Advanced Cinematography Reel Project 1
Vertigo Research Project
Group members: Chris Beymer, Kilani Villiaros, Delilah Hernandez
iPhone (for audio)
2 Plastic baggies
(These changed a lot during experimentation)
Zoom lens on FS700, 18-200mm
With this research project the three of us (Kilani, Delilah, and me (Chris)) all were working together on our own takes of this project. We had all decided to do something around the Vertigo effect. To personalize the project to each one of us we would have a different take on the effect.
Here are a few examples of the vertigo effect in action. I used these as reference footage when planning out what I would do with my own project.
After doing more research I found that this effect was a combination of two elements. One element was the dolly and the other was the zoom. There are two ways that one can accomplish this effect. 1. Dolly the camera out and zoom in simultaneously. Or 2. Dolly the camera in and zoom out simultaneously. In our group we called it the “Zolly” effect, credit to Kilani Villiaros for that name.
I had the theory down on how to create this effect now. I wanted to write a story to give this effect some context as to why this was taking place. It would be odd to have a regular old scene and then suddenly throw the Zolly effect in. The Zolly effect needed to be triggered by something, a realization of the character on screen or something similar. Me and Kilani had about 2 hours until we would have the equipment to start shooting, so we began our 2 hour hyper creative pre-production preparations.
I always like adding humor into my projects. Its a skill and comfort zone of mine. While I do venture out from this area every once in a while, I find I can do a good job implementing this aspect into things.
Between me and Kilani we came up with the idea that it would be cool to have the Zolly effect take place to show that some hard club drugs were hitting a person right that second. I thought it would be cool to frame it as a mistake on the person’s part who gave the ‘drugs’ to the actor. This disconnect of one of the two characters not knowing what the mental space of the other’s was like would add in some humor. Then I would use the Zolly effect to show that change in mental area even more. Kilani’s boyfriend had the idea that it should be revealed at the end that the character who thought she was tripping, should basically be under a placebo effect and realize that they are not actually tripping. This would add another level of humor to the story.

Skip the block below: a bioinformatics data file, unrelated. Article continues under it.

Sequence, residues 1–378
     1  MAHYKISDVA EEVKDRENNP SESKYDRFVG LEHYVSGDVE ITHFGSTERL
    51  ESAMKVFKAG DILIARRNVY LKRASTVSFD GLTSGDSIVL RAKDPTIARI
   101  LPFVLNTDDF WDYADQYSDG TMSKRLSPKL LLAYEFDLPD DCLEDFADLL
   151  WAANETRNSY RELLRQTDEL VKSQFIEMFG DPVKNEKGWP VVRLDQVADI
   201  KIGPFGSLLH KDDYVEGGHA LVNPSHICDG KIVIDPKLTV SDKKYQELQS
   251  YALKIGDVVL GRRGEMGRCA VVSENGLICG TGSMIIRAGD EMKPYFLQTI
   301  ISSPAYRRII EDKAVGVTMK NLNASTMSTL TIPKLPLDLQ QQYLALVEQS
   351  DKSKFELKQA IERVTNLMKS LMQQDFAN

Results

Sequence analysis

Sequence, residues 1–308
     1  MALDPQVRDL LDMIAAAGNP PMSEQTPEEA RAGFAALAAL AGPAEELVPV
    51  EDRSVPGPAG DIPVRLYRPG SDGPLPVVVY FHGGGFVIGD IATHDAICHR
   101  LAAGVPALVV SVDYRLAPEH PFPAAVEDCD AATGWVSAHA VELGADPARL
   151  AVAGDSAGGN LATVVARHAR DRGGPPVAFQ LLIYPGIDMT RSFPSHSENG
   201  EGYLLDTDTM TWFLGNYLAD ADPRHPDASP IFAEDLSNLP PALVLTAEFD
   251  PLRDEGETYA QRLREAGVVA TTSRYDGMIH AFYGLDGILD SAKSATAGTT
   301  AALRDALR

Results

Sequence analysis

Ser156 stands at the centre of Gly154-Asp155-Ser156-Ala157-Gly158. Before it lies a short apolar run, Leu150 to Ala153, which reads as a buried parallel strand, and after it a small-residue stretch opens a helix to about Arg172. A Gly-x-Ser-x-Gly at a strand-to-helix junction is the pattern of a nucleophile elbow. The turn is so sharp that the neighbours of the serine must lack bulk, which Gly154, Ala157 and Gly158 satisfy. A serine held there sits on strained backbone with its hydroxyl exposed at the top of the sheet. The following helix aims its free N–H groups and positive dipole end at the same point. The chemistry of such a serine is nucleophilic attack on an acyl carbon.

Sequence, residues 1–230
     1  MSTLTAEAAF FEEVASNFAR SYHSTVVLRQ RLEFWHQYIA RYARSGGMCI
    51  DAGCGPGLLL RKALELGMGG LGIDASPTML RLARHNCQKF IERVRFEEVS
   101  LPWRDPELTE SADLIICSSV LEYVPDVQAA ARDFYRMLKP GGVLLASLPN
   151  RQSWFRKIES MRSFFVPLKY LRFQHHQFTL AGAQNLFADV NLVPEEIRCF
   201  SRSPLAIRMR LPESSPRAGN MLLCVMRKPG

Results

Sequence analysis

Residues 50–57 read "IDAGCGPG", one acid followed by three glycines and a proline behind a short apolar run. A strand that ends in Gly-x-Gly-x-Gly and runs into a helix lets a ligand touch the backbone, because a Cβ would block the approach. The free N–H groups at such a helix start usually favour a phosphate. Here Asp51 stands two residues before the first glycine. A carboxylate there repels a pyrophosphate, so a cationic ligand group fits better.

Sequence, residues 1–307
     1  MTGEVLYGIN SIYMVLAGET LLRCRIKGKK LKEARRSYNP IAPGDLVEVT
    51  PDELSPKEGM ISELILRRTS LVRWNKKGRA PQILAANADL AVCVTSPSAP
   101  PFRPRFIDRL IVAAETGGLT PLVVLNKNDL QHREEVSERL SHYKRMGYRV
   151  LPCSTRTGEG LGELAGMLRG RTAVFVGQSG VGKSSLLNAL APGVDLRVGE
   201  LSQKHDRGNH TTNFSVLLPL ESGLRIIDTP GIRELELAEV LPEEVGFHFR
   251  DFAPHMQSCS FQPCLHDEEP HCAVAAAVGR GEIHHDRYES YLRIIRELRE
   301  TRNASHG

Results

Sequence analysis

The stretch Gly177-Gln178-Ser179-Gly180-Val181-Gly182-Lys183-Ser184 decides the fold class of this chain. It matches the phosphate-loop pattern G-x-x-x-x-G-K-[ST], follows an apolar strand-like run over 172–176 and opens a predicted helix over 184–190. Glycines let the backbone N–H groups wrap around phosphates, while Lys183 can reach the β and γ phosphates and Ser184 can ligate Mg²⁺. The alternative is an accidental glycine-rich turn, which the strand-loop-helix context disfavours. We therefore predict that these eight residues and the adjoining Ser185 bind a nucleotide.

I then created a basic storyboard to plan out my shots, writing the lines of script under each frame. It was pretty basic, but I find having even a simple plan to go off of is much better than nothing at all.
Here are the photos of the storyboard.
Once we got all 3 of use there, Kilani, Delilah, and Me we started getting everything ready to shoot. I wanted to tackle the hardest shot first. The most difficult shot by an order of magnitude was going to be the Zolly shot. I estimated that that single shot would take about 30-45 mins and the other 13 shots would take about 30 mins total to shoot. So all together an estimate of 1-1.5 hours of shooting, 2 hours with a buffer.
We setup for the Zolly shot. We had the theory down of how to do it. The funny thing about the theory vs reality is that they are usually always different, with reality being the more difficult one. We setup the FS700
Sony FS700 Pictured
We put that on the Dolly, put Kilani the main actress in my story on the couch, and started shooting. We tried every which way to get the Zolly effect. Dolly in Zoom out, Zoom out Dolly in. Then we found that the more separation the background had with the subject the greater the effect. So we pulled the couch forward 1-2 feet and kept trying.
The trickiest thing with this effect was that the coordination between the Dolly and the Zoom had to be exact. If the Dolly dollyed faster than the zoom zoomed, or if the zoom zoomed faster than the dolly doled, the effect looked like crap.
All in all it took about an hour to get a decent Zolly shot.
Final shot here 0:44-0:48
Then I went through and using the very helpful crudely drawn storyboard, directed Kilani and her boyfriend through the rest of the scene. The rest of the shots combined took no more than 30 mins to shoot.
In the end we were roughly within my time estimates including buffer of 1.5-2 hours to shoot the whole thing.
After that we broke down my set and went immediately into the other projects that Kilani and Delilah were working on.
My post production workflow was pretty straightforward. I took all the footage and audio recordings into premiere. Then using my storyboard found each shot that corresponded to the storyboard and roughly placed them. It took some time to manually find each audio recording from my iPhone and pair it with its video recording. I cleaned up the visuals a bit. Then I watched it a few times while thinking what audio would work well with it. I went on YouTube and collected a number of songs and sound bites to throw in (the trip noises were especially fun to find).
Then I went through, threw the rest together, polished it up, exported, and put the mp4 onto a USB for screening.
Here is the final video: